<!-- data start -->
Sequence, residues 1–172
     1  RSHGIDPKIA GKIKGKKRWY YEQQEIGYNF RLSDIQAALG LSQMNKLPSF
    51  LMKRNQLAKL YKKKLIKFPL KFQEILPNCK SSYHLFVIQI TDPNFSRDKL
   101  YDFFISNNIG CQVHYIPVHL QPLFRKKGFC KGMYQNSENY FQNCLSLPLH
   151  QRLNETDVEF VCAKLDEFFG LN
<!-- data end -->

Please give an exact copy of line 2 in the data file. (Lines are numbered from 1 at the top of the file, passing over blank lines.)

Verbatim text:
     1  RSHGIDPKIA GKIKGKKRWY YEQQEIGYNF RLSDIQAALG LSQMNKLPSF